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Series Wrapup

Story

Despite losing Whitey Ford for more than a month of the season due to arm problems, the New York Yankees captured their eighth pennant in nine years under manager Casey Stengel in 1957, finishing the campaign with a record of 98-56, eight games ahead of the second-place Chicago White Sox.  

Although blessed with neither an overpowering lineup nor a dominant pitching staff, the Yankees proved to be the American League’s most well-balanced team over the course of the regular season, leading the circuit with a team batting average of .268, 723 runs scored, and a team ERA of 3.00.  

Bobby Shantz, Tom Sturdivant, and Bob Turley each picked up some of the slack in Ford’s absence, with each of them placing among the A.L. leaders in earned run average.  Shantz led the league with an ERA of 2.45, while Sturdivant finished second with a mark of 2.54.  Sturdivant also led New York’s staff with 16 victories.  Meanwhile, Bob Grim did an outstanding job coming out of the bullpen, winning 12 games, posting a 2.63 ERA, and leading the league with 19 saves.

On offense, the Yankees received significant contributions from Yogi Berra, Bill Skowron, Gil McDougald, and Tony Kubek.  Berra hit 24 home runs and knocked in 82 runs.  Skowron batted .304, hit 17 homers, and drove in 88 runs.  McDougald batted .289 and scored 87 runs.  Kubek batted .297, en route to earning A.L. Rookie of the Year honors.

Mickey Mantle was again the driving force behind New York’s successful run to the pennant.  Mantle won his second consecutive A.L. MVP Award by hitting 34 home runs, knocking in 94 runs, leading the league with 121 runs scored and 146 bases on balls, and finishing second in the circuit with 315 total bases, a .365 batting average, a .515 on-base percentage, and a .665 slugging percentage.  Mantle edged out Boston’s Ted Williams in the MVP balloting.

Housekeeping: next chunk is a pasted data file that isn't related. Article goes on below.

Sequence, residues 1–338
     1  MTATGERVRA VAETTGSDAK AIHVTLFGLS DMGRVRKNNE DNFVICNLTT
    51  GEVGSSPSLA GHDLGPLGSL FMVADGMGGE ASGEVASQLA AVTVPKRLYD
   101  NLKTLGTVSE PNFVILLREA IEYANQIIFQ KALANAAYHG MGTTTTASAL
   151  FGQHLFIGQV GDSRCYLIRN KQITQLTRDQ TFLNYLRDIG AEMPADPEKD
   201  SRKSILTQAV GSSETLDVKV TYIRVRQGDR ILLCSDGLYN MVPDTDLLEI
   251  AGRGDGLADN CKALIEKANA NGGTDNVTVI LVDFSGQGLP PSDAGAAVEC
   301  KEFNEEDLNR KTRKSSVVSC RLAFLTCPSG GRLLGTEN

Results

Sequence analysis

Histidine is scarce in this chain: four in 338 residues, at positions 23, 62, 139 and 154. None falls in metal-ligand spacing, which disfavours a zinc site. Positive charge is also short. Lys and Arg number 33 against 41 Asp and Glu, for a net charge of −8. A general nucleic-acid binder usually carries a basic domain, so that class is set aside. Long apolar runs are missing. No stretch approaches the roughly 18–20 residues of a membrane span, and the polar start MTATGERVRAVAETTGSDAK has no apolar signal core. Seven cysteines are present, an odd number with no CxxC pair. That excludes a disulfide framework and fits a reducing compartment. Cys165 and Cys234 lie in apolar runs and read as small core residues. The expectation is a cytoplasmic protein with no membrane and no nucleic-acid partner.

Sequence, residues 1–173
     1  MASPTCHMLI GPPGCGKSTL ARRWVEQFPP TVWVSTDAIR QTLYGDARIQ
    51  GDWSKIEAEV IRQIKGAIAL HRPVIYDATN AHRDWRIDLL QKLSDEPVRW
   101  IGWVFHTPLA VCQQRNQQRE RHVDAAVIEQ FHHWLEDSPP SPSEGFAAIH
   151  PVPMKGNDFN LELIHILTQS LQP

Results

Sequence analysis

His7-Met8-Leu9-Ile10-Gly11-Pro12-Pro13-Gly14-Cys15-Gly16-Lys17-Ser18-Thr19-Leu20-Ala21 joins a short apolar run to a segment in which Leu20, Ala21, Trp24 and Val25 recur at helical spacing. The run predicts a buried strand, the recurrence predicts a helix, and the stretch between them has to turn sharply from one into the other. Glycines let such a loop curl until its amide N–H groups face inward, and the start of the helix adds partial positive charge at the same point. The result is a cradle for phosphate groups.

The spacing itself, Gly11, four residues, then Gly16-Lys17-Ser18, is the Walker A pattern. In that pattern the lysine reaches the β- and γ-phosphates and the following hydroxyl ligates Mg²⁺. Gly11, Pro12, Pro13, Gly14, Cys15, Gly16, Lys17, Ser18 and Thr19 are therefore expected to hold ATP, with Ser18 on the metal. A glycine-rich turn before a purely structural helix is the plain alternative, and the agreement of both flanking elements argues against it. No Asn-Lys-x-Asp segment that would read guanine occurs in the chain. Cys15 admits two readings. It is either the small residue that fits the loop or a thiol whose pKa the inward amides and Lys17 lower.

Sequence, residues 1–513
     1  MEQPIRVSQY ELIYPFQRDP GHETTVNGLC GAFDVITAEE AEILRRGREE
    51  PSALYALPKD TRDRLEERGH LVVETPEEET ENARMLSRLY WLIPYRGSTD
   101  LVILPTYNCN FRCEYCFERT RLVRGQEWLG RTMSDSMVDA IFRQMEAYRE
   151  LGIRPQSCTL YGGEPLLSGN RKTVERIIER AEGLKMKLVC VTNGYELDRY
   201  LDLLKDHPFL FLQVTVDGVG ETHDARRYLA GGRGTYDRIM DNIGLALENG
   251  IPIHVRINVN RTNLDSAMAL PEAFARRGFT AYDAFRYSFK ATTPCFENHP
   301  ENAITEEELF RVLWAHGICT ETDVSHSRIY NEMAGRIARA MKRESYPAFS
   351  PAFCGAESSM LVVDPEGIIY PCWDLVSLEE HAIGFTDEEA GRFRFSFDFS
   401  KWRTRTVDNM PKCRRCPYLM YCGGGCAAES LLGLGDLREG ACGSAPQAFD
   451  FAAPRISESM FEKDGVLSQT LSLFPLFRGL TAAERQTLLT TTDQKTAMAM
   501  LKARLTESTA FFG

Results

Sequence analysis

The Yankees met the Milwaukee Braves in the World Series for the first of two consecutive times, beginning the Fall Classic on a positive note by defeating Warren Spahn in Game One by a score of 3-1.  White Ford threw a complete-game five-hitter.  However, Milwaukee took three out of the next four contests, with Ford losing a heartbreaking 1-0 decision to Lew Burdette in Game Five.  After the Yankees won Game Six back in New York, Burdette posted his third victory of the Series in Game Seven, blanking the Yankees 5-0 on only two days’ rest.  The win gave the Braves their only world championship while playing in the city of Milwaukee.

Although the Chicago White Sox finished a distant second to New York, Minnie Minoso, Luis Aparicio, Nellie Fox, and Billy Pierce all played huge roles in helping the team reach its highest place in the standings since 1920.  Minoso batted .310, knocked in 103 runs, and scored 96 others.  Aparicio led the league with 28 stolen bases.  Fox batted .317, scored 110 runs, and topped the circuit with 196 hits.  Pierce compiled a 3.26 ERA, tied for the league lead with 20 wins, and led all A.L. hurlers with 16 complete games.

Meanwhile, Ted Williams had a fabulous year for the third-place Boston Red Sox, who finished 16 games behind the Yankees in the standings.  Although limited to 420 official at-bats, the 38-year-old Williams smashed 38 home runs, drove in 87 runs, scored 96 others, and led the league with a .388 batting average, a .526 on-base percentage, and a .731 slugging percentage.